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NC State Student Wins Forbes 30 Under 30

By Sarah Stone

A Wilson College of Textiles student is one of this year’s winners of Forbes 30 Under 30 list for 2023. 

Ritika Shamdasani shares the honor with her older sister, Niki. The two are co-founders of Sani, a South Asian-inspired formalwear and loungewear brand. 

“One of our goals for Sani has always been to make South Asian clothing a part of mainstream fashion. We want our clothing on mainstream platforms and widely recognized by everyone, not just South Asians,” Ritika says. “We want people to know there is much more to South Asian clothing than a saree.”

Neither of the siblings envisioned themselves leading a quickly growing fashion brand celebrated by Mindy Kaling and other celebrities. In fact, Ritika first enrolled at NC State intending to major in computer science. Now she’s a senior in the Wilson College’s fashion and textile management program, concentrating in fashion development and product management

Applying Think and Do to the Fashion World 

It was a problem-solving mindset, not a dream of becoming a fashion designer, that led the Shamdasanis to found Sani. The sisters found it nearly impossible to find attire to wear for an upcoming Indian wedding in the United States.  

The two spent the summer coming up with a solution. They tested 15 pieces, did some research, and found there was immense demand for these products. 

“What we ended up realizing is a lot of first-and-second-generation South Asian Americans were settling for a subpar experience and subpar designs,” Ritika says. “In fact, 82% of them waited to go abroad to shop for their cultural clothing, but they would spend on average, like $315 a year on this type of attire.”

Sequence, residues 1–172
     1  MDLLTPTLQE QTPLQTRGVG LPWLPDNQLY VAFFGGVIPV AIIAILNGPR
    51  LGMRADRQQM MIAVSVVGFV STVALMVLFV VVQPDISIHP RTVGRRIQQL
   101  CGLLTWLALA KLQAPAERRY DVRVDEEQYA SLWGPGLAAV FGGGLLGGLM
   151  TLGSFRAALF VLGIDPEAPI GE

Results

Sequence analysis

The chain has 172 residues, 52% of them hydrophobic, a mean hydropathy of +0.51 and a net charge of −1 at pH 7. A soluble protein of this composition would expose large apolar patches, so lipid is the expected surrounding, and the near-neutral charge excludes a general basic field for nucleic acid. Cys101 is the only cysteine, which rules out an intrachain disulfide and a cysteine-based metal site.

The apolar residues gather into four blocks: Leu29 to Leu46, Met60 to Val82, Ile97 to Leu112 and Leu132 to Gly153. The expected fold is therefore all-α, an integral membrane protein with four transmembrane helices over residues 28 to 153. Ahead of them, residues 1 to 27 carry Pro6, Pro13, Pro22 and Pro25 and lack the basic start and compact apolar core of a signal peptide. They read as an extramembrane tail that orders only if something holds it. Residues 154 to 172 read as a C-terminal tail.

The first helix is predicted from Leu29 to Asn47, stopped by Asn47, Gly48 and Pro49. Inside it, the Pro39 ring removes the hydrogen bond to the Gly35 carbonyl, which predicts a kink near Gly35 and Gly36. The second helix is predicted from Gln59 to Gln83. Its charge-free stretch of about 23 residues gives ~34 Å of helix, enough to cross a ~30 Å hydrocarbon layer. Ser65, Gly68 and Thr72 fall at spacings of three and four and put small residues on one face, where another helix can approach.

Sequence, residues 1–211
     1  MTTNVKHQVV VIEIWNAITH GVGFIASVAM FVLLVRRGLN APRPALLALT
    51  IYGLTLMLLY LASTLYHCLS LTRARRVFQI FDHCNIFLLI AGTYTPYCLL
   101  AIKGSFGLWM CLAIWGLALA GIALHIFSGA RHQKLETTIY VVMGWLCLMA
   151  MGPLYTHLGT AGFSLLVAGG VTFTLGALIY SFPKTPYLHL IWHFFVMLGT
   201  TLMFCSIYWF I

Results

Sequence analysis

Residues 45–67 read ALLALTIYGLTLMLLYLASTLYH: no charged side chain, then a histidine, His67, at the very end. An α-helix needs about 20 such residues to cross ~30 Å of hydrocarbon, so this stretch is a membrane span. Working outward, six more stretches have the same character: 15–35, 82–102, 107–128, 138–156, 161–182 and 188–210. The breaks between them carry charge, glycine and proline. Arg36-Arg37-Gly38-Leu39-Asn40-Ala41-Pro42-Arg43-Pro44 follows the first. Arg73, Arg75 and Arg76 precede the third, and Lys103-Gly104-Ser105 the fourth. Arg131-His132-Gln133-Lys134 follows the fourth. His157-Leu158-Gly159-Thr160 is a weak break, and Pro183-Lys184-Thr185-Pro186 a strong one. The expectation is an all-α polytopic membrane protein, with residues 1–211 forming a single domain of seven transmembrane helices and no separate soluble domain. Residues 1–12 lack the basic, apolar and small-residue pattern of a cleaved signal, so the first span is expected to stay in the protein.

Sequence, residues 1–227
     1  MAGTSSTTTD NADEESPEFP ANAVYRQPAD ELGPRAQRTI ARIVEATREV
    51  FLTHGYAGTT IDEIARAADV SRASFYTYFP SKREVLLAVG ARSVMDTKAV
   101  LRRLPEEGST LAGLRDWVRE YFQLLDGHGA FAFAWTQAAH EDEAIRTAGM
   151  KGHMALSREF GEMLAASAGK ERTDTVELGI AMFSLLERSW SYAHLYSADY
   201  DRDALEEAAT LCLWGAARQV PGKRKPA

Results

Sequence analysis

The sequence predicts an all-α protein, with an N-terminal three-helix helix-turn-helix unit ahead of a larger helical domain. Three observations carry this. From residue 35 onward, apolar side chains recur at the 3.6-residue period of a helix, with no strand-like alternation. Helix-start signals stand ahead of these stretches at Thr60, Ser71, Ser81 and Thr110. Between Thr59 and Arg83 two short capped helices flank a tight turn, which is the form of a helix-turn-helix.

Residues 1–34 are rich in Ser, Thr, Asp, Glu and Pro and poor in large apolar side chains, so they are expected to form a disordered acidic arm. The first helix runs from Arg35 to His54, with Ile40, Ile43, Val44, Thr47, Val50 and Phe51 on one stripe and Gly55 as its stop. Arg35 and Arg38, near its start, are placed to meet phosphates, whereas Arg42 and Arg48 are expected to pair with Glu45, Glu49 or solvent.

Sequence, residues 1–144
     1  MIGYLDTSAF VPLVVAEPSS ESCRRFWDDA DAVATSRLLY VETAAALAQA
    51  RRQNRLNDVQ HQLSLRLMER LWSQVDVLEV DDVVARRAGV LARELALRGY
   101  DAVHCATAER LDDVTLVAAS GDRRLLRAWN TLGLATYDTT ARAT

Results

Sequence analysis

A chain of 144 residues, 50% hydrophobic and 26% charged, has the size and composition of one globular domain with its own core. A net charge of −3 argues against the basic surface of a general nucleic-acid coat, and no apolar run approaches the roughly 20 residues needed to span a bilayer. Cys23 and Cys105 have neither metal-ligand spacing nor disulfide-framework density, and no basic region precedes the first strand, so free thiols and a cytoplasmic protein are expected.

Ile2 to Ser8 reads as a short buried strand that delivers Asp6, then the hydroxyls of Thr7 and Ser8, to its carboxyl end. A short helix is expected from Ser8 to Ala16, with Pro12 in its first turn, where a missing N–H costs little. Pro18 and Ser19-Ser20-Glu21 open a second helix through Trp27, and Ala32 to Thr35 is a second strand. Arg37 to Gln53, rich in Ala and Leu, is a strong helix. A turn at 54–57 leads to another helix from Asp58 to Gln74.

A photo of Ritika (left) and Niki Shamdasani. Both wear South Asian formalwear sold by their brand, Sani. They stand outside with their arms around each other. A palm tree is visible behind them.

They took that as a sign and continued to grow. In 2020, they became the first South Asian brand to sell apparel on Rent the Runway. Their products sold out within 48 hours. 

Then the pandemic hit, and like the rest of the business world, they were forced to pivot, so they went to Tik Tok. There, they found a community of over 100,000 people. 

“They really wanted to participate in the culture in a way that no fashion brand had let them because you only really wear like Indian clothes to an Indian wedding, but there wasn’t a fashion brand that was bringing that South Asian influence into everyday clothes,” Ritika says. 

A fashion editorial photo of four women wearing silk loungewear embroidered with jaguars. The loungewear is a short and collared shirt pajama set. The group of women stand posed and looking at the camera in a hallway with gold and brown patterned wallpaper.
The loungewear collection designed by Sani resulted from customer feedback on Tik Tok. The sisters call the launch of this loungewear the start of “Sani 2.0.”